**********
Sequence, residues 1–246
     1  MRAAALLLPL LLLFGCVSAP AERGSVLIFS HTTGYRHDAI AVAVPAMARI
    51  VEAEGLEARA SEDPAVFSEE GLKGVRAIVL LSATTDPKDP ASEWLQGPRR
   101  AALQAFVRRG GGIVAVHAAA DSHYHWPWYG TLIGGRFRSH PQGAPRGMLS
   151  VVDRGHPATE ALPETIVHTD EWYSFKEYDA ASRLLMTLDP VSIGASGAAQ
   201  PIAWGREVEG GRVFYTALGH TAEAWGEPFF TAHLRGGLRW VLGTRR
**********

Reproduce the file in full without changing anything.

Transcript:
Sequence, residues 1–246
     1  MRAAALLLPL LLLFGCVSAP AERGSVLIFS HTTGYRHDAI AVAVPAMARI
    51  VEAEGLEARA SEDPAVFSEE GLKGVRAIVL LSATTDPKDP ASEWLQGPRR
   101  AALQAFVRRG GGIVAVHAAA DSHYHWPWYG TLIGGRFRSH PQGAPRGMLS
   151  VVDRGHPATE ALPETIVHTD EWYSFKEYDA ASRLLMTLDP VSIGASGAAQ
   201  PIAWGREVEG GRVFYTALGH TAEAWGEPFF TAHLRGGLRW VLGTRR